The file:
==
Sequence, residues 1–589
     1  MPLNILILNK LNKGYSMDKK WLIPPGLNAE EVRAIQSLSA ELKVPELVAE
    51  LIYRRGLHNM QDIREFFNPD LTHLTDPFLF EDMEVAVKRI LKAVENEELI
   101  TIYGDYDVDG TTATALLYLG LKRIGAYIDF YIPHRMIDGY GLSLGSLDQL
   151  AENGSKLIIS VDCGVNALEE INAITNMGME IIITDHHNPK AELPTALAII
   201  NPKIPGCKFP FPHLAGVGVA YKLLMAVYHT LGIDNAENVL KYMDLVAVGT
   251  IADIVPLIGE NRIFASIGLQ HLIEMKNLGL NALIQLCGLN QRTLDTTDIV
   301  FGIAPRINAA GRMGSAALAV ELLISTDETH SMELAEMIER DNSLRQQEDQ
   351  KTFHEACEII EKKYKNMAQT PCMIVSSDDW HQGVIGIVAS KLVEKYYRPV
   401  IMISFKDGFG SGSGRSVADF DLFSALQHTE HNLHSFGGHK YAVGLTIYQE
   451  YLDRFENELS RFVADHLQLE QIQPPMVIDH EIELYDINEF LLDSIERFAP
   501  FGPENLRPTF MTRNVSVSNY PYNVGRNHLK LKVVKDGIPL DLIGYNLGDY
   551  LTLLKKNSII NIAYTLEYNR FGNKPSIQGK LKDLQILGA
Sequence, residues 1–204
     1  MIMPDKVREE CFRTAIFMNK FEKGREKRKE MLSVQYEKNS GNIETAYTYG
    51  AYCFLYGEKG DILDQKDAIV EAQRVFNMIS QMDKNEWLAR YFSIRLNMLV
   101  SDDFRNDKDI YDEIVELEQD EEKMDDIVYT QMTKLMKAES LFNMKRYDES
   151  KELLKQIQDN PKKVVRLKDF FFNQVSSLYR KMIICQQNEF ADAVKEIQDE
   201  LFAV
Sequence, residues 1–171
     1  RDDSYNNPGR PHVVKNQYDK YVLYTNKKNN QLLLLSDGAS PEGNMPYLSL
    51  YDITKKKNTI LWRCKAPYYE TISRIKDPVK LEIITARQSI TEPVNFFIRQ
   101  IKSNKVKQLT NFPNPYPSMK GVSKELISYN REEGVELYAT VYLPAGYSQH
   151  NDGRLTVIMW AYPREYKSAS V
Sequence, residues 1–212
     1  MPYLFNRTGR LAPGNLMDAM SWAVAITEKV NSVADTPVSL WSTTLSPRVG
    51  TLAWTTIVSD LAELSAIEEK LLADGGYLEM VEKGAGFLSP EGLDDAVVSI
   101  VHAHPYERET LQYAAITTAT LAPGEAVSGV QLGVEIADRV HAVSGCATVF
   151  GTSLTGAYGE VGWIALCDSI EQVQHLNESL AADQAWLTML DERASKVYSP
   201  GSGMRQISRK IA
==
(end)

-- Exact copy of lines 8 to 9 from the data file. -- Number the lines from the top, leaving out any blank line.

   301  FGIAPRINAA GRMGSAALAV ELLISTDETH SMELAEMIER DNSLRQQEDQ
   351  KTFHEACEII EKKYKNMAQT PCMIVSSDDW HQGVIGIVAS KLVEKYYRPV